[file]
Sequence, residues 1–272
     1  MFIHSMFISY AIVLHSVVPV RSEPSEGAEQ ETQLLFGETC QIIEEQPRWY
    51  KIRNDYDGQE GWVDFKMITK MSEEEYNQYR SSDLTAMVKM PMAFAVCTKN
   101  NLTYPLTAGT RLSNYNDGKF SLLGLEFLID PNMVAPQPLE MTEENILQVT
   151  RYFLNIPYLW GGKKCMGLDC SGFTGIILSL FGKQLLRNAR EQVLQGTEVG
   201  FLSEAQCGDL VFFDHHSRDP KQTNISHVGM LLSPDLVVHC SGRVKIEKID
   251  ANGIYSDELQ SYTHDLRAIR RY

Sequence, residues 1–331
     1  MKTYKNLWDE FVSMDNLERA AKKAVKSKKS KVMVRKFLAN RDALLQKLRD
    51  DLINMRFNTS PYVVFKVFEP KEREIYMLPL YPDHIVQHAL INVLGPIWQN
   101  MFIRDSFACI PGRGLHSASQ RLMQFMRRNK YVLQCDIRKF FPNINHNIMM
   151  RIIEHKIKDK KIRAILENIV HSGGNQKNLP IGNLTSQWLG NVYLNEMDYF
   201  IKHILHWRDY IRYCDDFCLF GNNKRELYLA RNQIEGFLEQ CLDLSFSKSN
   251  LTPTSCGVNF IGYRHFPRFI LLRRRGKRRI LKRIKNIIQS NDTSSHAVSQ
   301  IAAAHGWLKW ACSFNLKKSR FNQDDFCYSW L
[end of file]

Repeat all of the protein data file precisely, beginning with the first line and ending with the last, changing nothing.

Sequence, residues 1–272
     1  MFIHSMFISY AIVLHSVVPV RSEPSEGAEQ ETQLLFGETC QIIEEQPRWY
    51  KIRNDYDGQE GWVDFKMITK MSEEEYNQYR SSDLTAMVKM PMAFAVCTKN
   101  NLTYPLTAGT RLSNYNDGKF SLLGLEFLID PNMVAPQPLE MTEENILQVT
   151  RYFLNIPYLW GGKKCMGLDC SGFTGIILSL FGKQLLRNAR EQVLQGTEVG
   201  FLSEAQCGDL VFFDHHSRDP KQTNISHVGM LLSPDLVVHC SGRVKIEKID
   251  ANGIYSDELQ SYTHDLRAIR RY

Sequence, residues 1–331
     1  MKTYKNLWDE FVSMDNLERA AKKAVKSKKS KVMVRKFLAN RDALLQKLRD
    51  DLINMRFNTS PYVVFKVFEP KEREIYMLPL YPDHIVQHAL INVLGPIWQN
   101  MFIRDSFACI PGRGLHSASQ RLMQFMRRNK YVLQCDIRKF FPNINHNIMM
   151  RIIEHKIKDK KIRAILENIV HSGGNQKNLP IGNLTSQWLG NVYLNEMDYF
   201  IKHILHWRDY IRYCDDFCLF GNNKRELYLA RNQIEGFLEQ CLDLSFSKSN
   251  LTPTSCGVNF IGYRHFPRFI LLRRRGKRRI LKRIKNIIQS NDTSSHAVSQ
   301  IAAAHGWLKW ACSFNLKKSR FNQDDFCYSW L